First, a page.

Vincent Donofrio and Marisa Tomei in "Happy Accidents"

I’ve been reading some articles about time travel; it’s a good way to make your head spin without the aid of alcohol.

The subject came up because we watched “Happy Accidents,” with Marisa Tomei and Vincent Donofrio. In this film, released in 2000, Tomei plays Ruby Weaver, a woman chronically unlucky in her relationships with men. She thinks her luck has changed when she becomes involved with Sam Deed (Donofrio), until he tells her that he is a traveler from the future – specifically from the year 2470.


Sam claims that he saw Ruby’s picture when he was living in Dubuque, and that he traveled through time, to Brooklyn, in search of her – though he doesn’t say why. As any person would, Ruby initially thinks Sam is either joking or deranged, but Sam won’t budge off his story. Ruby is particularly disturbed by a notebook in which Sam has repeatedly sketched the face of a woman — he claims it’s Ruby’s face — and written the words Chrystie Delancey — he claims she’s his “contact,” another time traveler who was assigned to give him his orientation when he arrived in the past — that is, the present.

This tale grows quite intense; in fact, I was surprised to see it listed on IMDb as a comedy, because there’s nothing funny about it.  It keeps us guessing whether we’re watching a fantasy in which Sam is telling the truth, or a tragedy in which Sam is either playing mind games with Ruby or is insane.

Underlying the story itself is the paradox that the notion of time travel to the past always poses — the question of causality. Namely, if time travel to the past were possible, would the time travelers, either by their mere presence or by their overt actions, change the course of events, change the future.

Donofrio and Tomei

I don’t think this movie did very well at the box office, but it’s a worthwhile property. The story is compelling, Tomei and Donofrio are both magnetic, and there are strong supporting performances by Tovah Feldshuh as Ruby’s mother, Holland Taylor as Ruby’s therapist — a pivotal role, and Nadia Dajani as Ruby’s best friend.

Several years ago, I read a book entitled The Physics of the Impossible by theoretical physicist Michio Kaku. In that book, Kaku explored some ideas that have been presented over the years in science fiction literature, films, and TV shows, and organized them according to how plausible they were. As I recall, he concluded that under the known laws of physics, time travel into the past was impossible and time travel into the future was possible, but not likely to become reality for many many years. If you’d like to see a somewhat comprehensible explanation of Albert Einstein’s view of time travel, click HERE.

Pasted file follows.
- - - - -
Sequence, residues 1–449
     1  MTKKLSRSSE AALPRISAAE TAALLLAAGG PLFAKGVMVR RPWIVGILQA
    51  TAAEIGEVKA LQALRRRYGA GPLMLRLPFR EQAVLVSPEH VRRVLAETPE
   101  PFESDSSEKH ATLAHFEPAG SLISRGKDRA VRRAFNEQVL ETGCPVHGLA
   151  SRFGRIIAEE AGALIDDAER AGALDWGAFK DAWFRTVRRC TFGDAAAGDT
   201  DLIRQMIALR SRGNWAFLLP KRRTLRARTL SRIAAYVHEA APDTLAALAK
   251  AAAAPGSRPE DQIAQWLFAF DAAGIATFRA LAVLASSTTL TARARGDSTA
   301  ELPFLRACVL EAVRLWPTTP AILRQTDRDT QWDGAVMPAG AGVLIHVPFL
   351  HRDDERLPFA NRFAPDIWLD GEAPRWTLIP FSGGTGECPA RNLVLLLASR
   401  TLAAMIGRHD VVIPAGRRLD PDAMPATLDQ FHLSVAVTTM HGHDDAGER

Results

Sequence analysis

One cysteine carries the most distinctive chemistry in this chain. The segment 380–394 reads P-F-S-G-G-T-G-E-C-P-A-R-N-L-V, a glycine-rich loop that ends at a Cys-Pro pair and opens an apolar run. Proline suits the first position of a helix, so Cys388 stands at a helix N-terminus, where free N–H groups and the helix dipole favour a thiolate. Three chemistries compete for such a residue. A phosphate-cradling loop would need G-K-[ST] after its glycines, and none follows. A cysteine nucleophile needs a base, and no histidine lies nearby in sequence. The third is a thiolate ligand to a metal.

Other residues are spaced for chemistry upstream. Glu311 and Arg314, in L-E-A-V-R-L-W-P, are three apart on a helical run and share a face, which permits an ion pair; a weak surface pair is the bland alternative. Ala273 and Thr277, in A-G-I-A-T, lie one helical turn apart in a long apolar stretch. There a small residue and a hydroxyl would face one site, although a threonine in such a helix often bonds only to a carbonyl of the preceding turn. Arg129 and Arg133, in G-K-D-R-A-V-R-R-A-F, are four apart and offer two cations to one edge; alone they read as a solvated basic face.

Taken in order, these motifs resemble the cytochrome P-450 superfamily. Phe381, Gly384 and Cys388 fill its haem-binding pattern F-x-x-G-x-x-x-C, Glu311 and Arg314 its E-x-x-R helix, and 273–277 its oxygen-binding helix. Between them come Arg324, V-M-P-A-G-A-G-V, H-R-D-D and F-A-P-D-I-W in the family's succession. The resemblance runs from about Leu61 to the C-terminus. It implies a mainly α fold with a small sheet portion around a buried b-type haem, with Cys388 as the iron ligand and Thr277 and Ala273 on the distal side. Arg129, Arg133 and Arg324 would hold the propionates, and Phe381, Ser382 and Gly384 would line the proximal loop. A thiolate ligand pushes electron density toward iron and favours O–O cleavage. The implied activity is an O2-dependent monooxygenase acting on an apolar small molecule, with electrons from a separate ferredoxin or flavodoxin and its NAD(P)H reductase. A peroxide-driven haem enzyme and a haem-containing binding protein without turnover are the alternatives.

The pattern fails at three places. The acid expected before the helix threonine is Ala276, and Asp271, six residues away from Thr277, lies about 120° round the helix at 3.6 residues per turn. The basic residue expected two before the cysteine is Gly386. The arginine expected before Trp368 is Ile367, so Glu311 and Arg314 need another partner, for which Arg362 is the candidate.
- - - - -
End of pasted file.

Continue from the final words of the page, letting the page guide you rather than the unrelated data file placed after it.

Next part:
After we watch a movie, we get a kick out of going to the International Movie Database site and check on the “goofs” that others have found in the film we just saw. We are amazed sometimes at the obscure things that people notice. For example, we recently saw “The Blind Side” and were amused to read on imdb that in the scene in which the actor playing Michael Oher is talking to an NCAA official, a Maggiano’s Little Italy restaurant is visible through the office window, whereas – the “goofs” page points out – there is no Maggiano’s in Memphis, where the story took place.


So the other night we watched on TV the 1993 movie “Untamed Heart” with Marisa Tomei and Christian Slater. There is a scene in that movie in which Slater’s character shows Tomei’s character a box containing several vinyl LPs that had been given to him by a nun when he left an orphanage. He puts one of the LPs on a turntable, and the first cut is a recording of Roger Williams playing “Nature Boy,” a song written by Eden Ahbez in 1947. At the end of the film, when Slater’s character has died, Tomei puts the same record on and listens to the same recording.


What imdb’s “goofs” page has missed so far, is that the jacket that that LP was taken from in both scenes is the RCA album “Enrico Caruso in Opera and Song.” I have owned that album for several decades and have played it enough times that I spotted the images of the tenor on the back of the jacket both times that it appeared in the film.

I’m old, but I’m still awake.